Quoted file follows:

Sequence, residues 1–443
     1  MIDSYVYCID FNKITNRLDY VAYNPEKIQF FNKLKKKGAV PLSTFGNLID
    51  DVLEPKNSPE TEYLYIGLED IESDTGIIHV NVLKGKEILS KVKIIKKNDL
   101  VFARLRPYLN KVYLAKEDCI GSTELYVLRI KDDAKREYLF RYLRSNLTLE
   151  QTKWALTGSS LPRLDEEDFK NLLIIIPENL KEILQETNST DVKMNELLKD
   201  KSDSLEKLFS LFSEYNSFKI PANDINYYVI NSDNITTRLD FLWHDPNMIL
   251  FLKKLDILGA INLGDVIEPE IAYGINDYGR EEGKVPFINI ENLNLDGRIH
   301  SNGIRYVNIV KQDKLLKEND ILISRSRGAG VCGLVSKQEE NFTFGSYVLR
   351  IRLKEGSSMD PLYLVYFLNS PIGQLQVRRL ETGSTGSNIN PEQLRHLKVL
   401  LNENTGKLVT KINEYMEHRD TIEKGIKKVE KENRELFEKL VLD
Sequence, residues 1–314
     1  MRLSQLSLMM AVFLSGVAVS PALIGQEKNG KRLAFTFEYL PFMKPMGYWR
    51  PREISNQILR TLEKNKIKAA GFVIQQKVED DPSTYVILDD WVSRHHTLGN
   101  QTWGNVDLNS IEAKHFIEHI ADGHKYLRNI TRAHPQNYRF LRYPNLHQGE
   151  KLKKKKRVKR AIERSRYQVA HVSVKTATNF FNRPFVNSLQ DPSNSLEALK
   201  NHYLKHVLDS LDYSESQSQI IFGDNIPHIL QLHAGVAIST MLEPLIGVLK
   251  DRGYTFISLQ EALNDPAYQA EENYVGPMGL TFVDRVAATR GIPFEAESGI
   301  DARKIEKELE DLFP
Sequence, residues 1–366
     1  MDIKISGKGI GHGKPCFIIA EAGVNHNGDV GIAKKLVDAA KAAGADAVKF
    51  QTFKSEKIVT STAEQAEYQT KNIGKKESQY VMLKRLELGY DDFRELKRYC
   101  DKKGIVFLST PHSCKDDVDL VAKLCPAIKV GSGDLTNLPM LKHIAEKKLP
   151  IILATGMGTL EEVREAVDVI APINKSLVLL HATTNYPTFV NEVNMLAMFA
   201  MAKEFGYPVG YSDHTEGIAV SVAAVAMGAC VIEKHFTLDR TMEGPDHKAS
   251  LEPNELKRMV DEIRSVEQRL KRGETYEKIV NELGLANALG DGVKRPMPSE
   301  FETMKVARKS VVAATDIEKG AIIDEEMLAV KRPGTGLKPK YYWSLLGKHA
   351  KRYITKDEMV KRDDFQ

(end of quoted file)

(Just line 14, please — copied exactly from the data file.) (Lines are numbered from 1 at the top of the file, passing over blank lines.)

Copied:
   101  QTWGNVDLNS IEAKHFIEHI ADGHKYLRNI TRAHPQNYRF LRYPNLHQGE